2pm Saturday 1 March 2008
PS1 - 22-25 Jackson Ave, Long Island City NY

Women Behind the Lens, Panel Discussion
Presented by CineKink
Moderated by Rachel Kramer Bussel
5pm Saturday 1 March 2008
Anthology Film Archives, New York, NY

Carolee Schneemann, still image from "Fuses", 1965, color film in 16mm, 22:00 minutes
Carolee Schneemann, still image from "Fuses",

1965, color film in 16mm, 22:00 minutes

Running concurrent to the WACK! Art and the Feminist Revolution exhibition at PS1 and boasting its own set of events, was the less high profile CineKink Film Festival. The festival, whose aim is to continue "the recognition and encouragement of sex-positive and kink-friendly depictions in film and television" — according to the letter of introduction written by CineKink Co-Founder and Director Lisa Vandever — focuses primarily on porn, a topic deplored by many feminists, yet one that resonates deeply with much of the work on display at PS1.

Saturday March 1, 2008, in a moment of programmatic convergence, PS1 in Long Island City screened the works of seven experimental feminist filmmakers followed by a panel discussion; across the river at the Anthology Film Archives, CineKink hosted its pornographic version of the same event, showcasing woman-directed works of pornography followed by a panel discussion with the filmmakers.

The Women in Experimental Film screening at PS1 featured films made by feminist filmmakers Barbara Rubin, Marie Menken, Carolee Schneemann, Barbara Hammer, Marjorie Keller, Peggy Ahwesh and Abigail Child. Of the seven films screened, three films dealt with sexuality and sexual encounters explicitly, and a fourth one focused entirely on the mechanisms of the body.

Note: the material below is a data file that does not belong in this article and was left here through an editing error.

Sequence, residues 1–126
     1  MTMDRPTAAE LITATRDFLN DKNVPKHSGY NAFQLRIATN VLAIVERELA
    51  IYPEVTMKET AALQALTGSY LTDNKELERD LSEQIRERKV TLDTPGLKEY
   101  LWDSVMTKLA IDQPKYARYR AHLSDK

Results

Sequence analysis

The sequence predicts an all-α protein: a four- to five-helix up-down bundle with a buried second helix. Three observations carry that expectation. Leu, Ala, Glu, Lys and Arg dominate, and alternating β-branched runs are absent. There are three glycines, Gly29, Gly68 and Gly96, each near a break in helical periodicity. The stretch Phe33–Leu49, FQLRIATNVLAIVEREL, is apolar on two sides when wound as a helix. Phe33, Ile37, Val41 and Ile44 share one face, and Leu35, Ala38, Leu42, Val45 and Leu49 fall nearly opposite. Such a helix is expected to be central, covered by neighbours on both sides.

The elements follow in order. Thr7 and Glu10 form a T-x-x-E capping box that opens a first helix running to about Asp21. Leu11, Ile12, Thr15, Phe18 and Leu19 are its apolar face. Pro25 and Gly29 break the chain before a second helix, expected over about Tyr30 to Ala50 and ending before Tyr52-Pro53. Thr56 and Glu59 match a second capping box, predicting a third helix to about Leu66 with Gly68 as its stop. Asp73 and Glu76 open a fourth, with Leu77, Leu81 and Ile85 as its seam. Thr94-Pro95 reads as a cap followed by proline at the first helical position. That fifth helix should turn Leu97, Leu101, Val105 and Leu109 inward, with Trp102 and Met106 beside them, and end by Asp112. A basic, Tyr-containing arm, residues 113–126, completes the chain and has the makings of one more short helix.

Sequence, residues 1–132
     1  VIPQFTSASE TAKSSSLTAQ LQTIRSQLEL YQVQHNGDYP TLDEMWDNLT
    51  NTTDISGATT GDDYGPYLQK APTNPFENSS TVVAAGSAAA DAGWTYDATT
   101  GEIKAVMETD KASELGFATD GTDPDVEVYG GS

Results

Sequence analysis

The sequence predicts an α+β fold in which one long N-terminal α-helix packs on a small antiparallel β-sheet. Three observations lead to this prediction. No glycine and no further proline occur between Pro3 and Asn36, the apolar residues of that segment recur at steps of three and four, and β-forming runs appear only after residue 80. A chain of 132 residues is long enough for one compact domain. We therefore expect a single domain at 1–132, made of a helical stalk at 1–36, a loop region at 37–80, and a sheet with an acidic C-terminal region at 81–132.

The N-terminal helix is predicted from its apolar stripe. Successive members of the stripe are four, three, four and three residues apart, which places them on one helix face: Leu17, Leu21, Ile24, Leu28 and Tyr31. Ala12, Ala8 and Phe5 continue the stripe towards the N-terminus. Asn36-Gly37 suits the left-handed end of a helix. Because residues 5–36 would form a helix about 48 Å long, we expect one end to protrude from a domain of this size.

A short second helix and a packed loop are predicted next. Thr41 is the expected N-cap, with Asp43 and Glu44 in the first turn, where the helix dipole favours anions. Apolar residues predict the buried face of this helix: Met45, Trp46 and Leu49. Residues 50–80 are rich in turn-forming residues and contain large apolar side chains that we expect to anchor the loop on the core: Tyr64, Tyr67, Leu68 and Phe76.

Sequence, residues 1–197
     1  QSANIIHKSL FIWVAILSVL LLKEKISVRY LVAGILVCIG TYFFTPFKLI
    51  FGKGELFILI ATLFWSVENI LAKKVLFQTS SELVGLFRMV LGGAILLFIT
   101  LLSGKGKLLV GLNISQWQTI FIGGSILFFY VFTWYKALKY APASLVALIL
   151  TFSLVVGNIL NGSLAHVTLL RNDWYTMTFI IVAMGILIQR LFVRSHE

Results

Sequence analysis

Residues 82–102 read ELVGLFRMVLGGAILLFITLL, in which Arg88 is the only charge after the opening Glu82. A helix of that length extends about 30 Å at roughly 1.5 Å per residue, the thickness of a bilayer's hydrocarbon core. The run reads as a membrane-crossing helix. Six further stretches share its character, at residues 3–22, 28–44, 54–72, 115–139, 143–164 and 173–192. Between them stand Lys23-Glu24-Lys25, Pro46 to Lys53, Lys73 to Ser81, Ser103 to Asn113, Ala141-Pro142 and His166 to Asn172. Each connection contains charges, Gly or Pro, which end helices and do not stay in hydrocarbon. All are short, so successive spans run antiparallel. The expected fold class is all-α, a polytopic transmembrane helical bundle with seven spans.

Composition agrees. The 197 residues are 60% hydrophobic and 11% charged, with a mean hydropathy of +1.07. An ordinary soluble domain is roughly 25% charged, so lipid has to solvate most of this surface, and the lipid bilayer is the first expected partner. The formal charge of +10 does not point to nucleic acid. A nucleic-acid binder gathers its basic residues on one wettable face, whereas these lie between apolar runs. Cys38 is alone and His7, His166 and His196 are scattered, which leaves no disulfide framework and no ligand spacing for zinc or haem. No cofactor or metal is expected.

Barbara Rubin’s Christmas on Earth involved a simultaneous double projection, one larger and the other half its size, superimposed on top of one another. According to an essay by Daniel Belasco published by Art in America, the 29-minute film is the "record of an orgy staged in a New York City apartment in 1963." The larger image consisted primarily of images of female and male genitals, and close up shots of couples making love. The smaller projection showed the participants' entire bodies. Rubin imbued both projections in hues of deep red and purple paint. When creating The Color of Love and Covert Action Is This What You Were Born For? artists Peggy Ahwesh and Abigail Child, respectively, spliced together found footage that consisted of both professional and amateur pornography. In both films, the heavy editing and deterioration of the film upsets the narrative, such that images become surreal and disconnected and cease to read as traditional pornography.